Background. Despite a number of studies that have indicated impaired memory function in patients with schizophrenia, there have been few that have used a sensitive measure of right medial temporal lobe pathology. Given the reported findings of reduced hippocampal volume in schizophrenia, we used a theoretically sensitive test of the right medial temporal lobe to determine the nature of the visuospatial memory deficit in the disorder.
Methods. Seventy-six patients (37 with a first-episode schizophreniform psychosis, and 39 with established schizophrenia) were compared with 41 comparison subjects on a number of tests of visuospatial memory. These included spatial working memory, spatial and pattern recognition memory and a pattern-location associative learning test.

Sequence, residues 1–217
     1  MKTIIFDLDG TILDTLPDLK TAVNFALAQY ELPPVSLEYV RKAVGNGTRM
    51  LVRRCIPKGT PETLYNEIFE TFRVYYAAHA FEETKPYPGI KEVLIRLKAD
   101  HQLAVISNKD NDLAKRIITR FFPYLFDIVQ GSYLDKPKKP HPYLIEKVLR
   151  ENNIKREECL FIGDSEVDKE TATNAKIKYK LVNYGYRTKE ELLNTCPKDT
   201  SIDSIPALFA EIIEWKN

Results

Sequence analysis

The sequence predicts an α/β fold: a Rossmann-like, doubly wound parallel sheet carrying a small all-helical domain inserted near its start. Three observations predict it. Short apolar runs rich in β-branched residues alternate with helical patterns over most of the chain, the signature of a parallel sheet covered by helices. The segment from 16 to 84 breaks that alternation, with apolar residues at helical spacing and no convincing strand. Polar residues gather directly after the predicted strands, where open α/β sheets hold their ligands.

Results. Both patient groups displayed recognition memory deficits when compared to the comparison group. However, only those patients with established schizophrenia (of 9 years duration on average) were impaired on the associative learning test.
Conclusions. The results indicate either a progressive decline in visuospatial associative learning ability over the course of the disorder, or that poor visuospatial associative learning is a marker for poor prognosis. In addition, these results have implications for our understanding of the role of the right medial temporal lobe in the pathophysiology of schizophrenia.